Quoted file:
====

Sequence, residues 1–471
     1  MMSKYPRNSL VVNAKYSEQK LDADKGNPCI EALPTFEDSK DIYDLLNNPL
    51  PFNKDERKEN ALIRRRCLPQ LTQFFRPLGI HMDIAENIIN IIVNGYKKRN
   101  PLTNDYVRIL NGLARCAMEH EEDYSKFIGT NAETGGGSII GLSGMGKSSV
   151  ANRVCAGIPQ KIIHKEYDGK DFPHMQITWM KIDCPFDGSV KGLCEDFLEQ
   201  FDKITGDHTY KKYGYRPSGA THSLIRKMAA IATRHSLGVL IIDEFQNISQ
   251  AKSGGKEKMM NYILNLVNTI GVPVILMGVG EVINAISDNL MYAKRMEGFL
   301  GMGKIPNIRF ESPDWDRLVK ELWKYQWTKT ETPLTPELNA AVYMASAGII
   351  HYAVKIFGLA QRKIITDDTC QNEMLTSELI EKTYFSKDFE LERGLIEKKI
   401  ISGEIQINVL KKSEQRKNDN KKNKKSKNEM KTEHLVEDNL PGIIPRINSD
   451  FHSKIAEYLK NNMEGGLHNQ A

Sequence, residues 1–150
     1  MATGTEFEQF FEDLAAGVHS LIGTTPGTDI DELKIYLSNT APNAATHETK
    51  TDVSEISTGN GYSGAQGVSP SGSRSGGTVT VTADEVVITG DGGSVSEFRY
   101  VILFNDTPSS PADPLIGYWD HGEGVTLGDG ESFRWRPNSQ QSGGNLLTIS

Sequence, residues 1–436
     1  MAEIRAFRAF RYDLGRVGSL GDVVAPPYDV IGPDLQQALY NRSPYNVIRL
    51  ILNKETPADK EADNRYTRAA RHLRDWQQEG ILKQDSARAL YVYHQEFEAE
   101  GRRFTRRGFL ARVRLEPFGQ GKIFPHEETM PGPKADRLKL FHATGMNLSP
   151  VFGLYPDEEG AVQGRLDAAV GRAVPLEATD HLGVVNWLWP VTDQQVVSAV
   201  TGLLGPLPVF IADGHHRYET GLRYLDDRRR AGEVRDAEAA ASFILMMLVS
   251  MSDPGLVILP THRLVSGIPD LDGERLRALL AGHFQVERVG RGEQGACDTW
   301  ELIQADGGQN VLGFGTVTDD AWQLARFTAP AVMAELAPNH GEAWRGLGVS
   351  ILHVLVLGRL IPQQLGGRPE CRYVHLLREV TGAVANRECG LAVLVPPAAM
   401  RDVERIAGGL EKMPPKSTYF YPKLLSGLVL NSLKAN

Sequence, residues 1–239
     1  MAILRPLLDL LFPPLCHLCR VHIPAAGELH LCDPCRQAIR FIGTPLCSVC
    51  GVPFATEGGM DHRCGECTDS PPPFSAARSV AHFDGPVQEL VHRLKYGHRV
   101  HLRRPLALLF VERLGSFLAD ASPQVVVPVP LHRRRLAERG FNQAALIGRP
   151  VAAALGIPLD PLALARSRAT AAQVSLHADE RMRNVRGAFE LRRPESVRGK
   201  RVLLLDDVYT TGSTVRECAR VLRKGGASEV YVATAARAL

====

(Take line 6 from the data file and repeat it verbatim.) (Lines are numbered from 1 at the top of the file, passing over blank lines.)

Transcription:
   201  FDKITGDHTY KKYGYRPSGA THSLIRKMAA IATRHSLGVL IIDEFQNISQ